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‘Lucky’ farmer finishes first hemp crop, shares lessons

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‘Lucky’ farmer finishes first hemp crop, shares lessons

Carr empties a bucket of hemp buds and leaves into a super sack for storage. Farm employees stripped more than 7,000 pounds of biomass from stems and have between 750 and 1,000 pounds remaining from a total of 900 harvested hemp plants grown on an acre.

Tazewell County farmer David Diekhoff ended 2019 working on the harvested hemp from a single acre and appreciating his good fortune in finding a buyer through a chance meeting.

During a recent Illinois Department of Agriculture (IDOA) summit, Diekhoff noticed a participant’s name badge indicated he was a processor and struck up a conversation.

“He was excited when he heard the variety I grew,” the farmer said. “The (New York) buyer, who also is a grower, likes this variety. I was lucky. I’m just happy someone wants this product and knows this product.”

The Tazewell County farmer was luckier than other growers in Illinois and elsewhere.

‘Lucky’ farmer finishes first hemp crop, shares lessons

Mitchell Carr, an employee of Tazewell County farmer David Diekhoff, works on bucking hemp buds and leaves from dried hemp stems. Labor, much of it by hand, has been Diekhoff’s biggest expense. (Photos by David Diekhoff)

Diekhoff was able to plant a crop. IDOA is expected to report on the state hemp crop in January along with other states. However, a hemp market analyst estimated 46% of the nation’s licensed hemp acres was planted.

Diekhoff was able to harvest, which took nearly the whole month of October. His hemp didn’t exceed the 0.3% legal threshold for tetrahydrocannabinol(THC). Only 37% of U.S. farmers completed hemp harvest and had a processible crop, reported analyst Jonathan Rubin, CEO of Hemp Benchmarks.

And the Tazewell County farmer found a buyer. Rubin estimated 70% of growers had not sold their crop. Diekhoff speculated hemp prices may be depressed because the states haven’t reported numbers, and markets may be overestimating the amount of available crop.

On the Diekhoff farm, harvest continued Monday (Dec. 30) with hand-stripping, known as bucking, buds and leaves from branches. His goal is 10% moisture for the harvested hemp, based on readings from a hay moisture meter.

Diekhoff needed two more buildings, which are unheated, for storage because his 900 plants produced more than anticipated. To prevent condensation and adding moisture, the plants are brought into a heated shop with aeration fans prior to hand harvest.

With two-thirds of harvest complete, the Diekhoff farm produced 7,000 pounds of biomass stored in nylon sacks with 750 to 1,000 pounds more awaiting bucking. Stripped branches are burned. People familiar with hemp “can’t believe we were able to get a bumper crop,” the farmer said.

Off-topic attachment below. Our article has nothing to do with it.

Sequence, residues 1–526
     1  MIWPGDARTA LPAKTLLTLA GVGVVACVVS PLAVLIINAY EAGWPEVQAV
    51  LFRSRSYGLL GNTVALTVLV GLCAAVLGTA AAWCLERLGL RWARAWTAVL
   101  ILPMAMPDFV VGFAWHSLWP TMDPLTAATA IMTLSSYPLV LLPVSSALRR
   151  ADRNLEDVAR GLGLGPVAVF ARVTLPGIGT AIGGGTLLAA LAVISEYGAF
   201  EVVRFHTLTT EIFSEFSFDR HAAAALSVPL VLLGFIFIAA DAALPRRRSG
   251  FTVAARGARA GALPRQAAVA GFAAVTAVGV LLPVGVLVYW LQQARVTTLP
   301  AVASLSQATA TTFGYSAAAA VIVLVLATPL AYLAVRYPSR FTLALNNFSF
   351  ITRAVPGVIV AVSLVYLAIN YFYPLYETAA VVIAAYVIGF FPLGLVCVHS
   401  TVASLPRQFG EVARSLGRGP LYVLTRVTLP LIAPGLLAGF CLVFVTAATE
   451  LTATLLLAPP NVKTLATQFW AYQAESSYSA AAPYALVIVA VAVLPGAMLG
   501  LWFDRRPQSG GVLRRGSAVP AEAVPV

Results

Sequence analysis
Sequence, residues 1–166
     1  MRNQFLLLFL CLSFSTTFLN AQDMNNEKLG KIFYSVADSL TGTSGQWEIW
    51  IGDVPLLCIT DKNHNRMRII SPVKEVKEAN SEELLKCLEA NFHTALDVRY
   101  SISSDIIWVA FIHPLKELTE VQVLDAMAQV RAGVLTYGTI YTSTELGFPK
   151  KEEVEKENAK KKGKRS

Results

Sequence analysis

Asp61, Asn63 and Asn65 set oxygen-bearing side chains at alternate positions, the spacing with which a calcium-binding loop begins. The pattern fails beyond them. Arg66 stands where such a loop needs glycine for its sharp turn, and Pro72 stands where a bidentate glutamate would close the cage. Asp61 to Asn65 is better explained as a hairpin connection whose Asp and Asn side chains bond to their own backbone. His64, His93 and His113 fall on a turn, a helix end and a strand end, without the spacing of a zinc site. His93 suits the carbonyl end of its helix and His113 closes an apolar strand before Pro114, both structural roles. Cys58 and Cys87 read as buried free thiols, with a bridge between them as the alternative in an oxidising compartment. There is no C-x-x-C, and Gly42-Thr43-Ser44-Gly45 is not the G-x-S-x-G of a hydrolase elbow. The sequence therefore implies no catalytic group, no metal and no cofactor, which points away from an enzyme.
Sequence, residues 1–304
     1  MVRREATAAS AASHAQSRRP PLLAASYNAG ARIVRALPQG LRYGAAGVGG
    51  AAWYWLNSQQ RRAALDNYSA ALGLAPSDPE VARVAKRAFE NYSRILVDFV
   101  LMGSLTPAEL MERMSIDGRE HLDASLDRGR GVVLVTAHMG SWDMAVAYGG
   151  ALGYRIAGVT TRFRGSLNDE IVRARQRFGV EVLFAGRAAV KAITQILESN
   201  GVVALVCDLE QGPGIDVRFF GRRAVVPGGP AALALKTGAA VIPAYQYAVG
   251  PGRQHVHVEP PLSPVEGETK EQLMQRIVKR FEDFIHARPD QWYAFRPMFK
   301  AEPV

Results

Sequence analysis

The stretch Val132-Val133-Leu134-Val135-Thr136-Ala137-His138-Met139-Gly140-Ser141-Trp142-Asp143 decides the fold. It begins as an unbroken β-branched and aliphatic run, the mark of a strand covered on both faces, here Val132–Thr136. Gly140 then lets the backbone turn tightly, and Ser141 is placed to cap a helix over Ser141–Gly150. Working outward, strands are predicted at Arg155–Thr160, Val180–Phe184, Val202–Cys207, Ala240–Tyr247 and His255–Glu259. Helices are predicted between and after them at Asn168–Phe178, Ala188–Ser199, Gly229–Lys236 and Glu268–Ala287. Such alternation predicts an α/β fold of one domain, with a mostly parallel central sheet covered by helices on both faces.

Diekhoff explained his contract with an Illinois processor will depend on the cannabidiol(CBD) levels when the hemp is processed into oil. “They process it for 50%,” the farmer said. The processor charges a fee for selling the CBD oil in 5-liter increments to a New York buyer.

‘Lucky’ farmer finishes first hemp crop, shares lessons

Dried hemp stems await hand harvest on the Diekhoff farm. Before buds are bucked, the farmer brought these stems into a heated shop with fan aeration to eliminate any condensation from buds stored in unheated buildings.

“The processor will call me when the buyer wants more,” Diekhoff said, adding a price will be agreed upon then. Meanwhile, the processor is storing Diekhoff’s CBD in containers.

Testing for THC, CBD and purity are factors Diekhoff learned. All his samples tested 0.1% or less THC with CBD levels of 13-16%, which Diekhoff described as “really good lab results.” One processor asked to see a “full spectrum” of lab tests for chemicals and bacteria, he added.

“Most processors run a full spectrum to see if a farmer has used any chemicals or if there is bacteria or mycotoxins (in the sample),” Diekhoff said.

As for 2020, Diekhoff will make some changes. “We’ve learned a lot, if we can make things work out,” he said, adding one family member remains skeptical about hemp’s future.

Diekhoff is considering switching from less expensive, nonfeminized seed to planting clones, but sticking with the same variety. He had to destroy about half the plants from nonfeminized seed, but that was a blessing in disguise given the bumper crop produced from the remaining plants.

The farmer doesn’t plan to add hemp acres, pointing to the amount of crop storage needed. “A lot of my machinery had to sit out. I’d have to put up more buildings,” Diekhoff said. He urged farmers considering hemp to try a half or a single acre and warned labor will be their biggest expense.

While Illinois hemp rules remain in place for the 2020 growing season, Diekhoff expressed concerns about USDA interim hemp rules. A proposed change in THC testing and standards “would be so hard to meet,” he said. Diekhoff speculated his processed crop “would have to stay in Illinois and couldn’t cross state lines” to a New York buyer if the USDA rules were in effect.

Diekhoff needed about 30 days to harvest and maximize CBD levels. A proposed 15-day harvest rule would require growers to finish harvest within 15 days of a crop being sampled for THC levels. “We took a month to harvest selectively,” he said. “Every ounce counts -– that’s our saying around here.”

Editor’s note: FarmWeek is following Illinois’ inaugural industrial hemp crop through the experiences of a Tazewell County farmer.